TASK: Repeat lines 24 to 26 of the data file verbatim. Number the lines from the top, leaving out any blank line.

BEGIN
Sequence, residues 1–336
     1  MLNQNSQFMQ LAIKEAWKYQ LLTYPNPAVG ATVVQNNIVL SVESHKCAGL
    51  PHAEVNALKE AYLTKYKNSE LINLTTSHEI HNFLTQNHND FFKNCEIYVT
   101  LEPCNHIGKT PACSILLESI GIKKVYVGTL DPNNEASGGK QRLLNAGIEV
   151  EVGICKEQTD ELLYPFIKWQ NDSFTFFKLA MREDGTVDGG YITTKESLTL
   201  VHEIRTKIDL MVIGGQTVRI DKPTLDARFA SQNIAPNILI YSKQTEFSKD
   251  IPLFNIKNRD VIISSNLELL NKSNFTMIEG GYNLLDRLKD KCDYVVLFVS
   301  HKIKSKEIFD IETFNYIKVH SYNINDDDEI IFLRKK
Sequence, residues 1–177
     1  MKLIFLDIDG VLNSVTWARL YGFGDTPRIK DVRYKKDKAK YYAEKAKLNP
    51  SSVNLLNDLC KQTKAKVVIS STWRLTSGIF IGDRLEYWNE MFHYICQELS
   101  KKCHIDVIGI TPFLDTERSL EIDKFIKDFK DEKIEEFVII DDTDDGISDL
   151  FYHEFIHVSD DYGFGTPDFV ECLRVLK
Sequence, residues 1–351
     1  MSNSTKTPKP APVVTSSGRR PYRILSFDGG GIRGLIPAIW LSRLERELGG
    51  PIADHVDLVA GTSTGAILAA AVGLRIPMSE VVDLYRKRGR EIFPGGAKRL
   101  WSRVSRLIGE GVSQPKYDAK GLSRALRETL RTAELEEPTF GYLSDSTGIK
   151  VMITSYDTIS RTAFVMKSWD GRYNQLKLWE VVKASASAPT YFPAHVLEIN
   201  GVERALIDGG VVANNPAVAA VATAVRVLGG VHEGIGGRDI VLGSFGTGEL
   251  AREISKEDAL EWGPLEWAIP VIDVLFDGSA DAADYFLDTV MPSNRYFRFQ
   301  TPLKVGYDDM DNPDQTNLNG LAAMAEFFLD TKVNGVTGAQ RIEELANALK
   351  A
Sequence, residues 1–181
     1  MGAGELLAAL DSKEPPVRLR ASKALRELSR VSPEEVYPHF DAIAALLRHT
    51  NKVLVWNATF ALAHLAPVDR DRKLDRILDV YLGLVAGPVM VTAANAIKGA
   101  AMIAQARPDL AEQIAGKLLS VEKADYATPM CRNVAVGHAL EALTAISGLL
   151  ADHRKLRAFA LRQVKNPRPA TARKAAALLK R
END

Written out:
     1  MGAGELLAAL DSKEPPVRLR ASKALRELSR VSPEEVYPHF DAIAALLRHT
    51  NKVLVWNATF ALAHLAPVDR DRKLDRILDV YLGLVAGPVM VTAANAIKGA
   101  AMIAQARPDL AEQIAGKLLS VEKADYATPM CRNVAVGHAL EALTAISGLL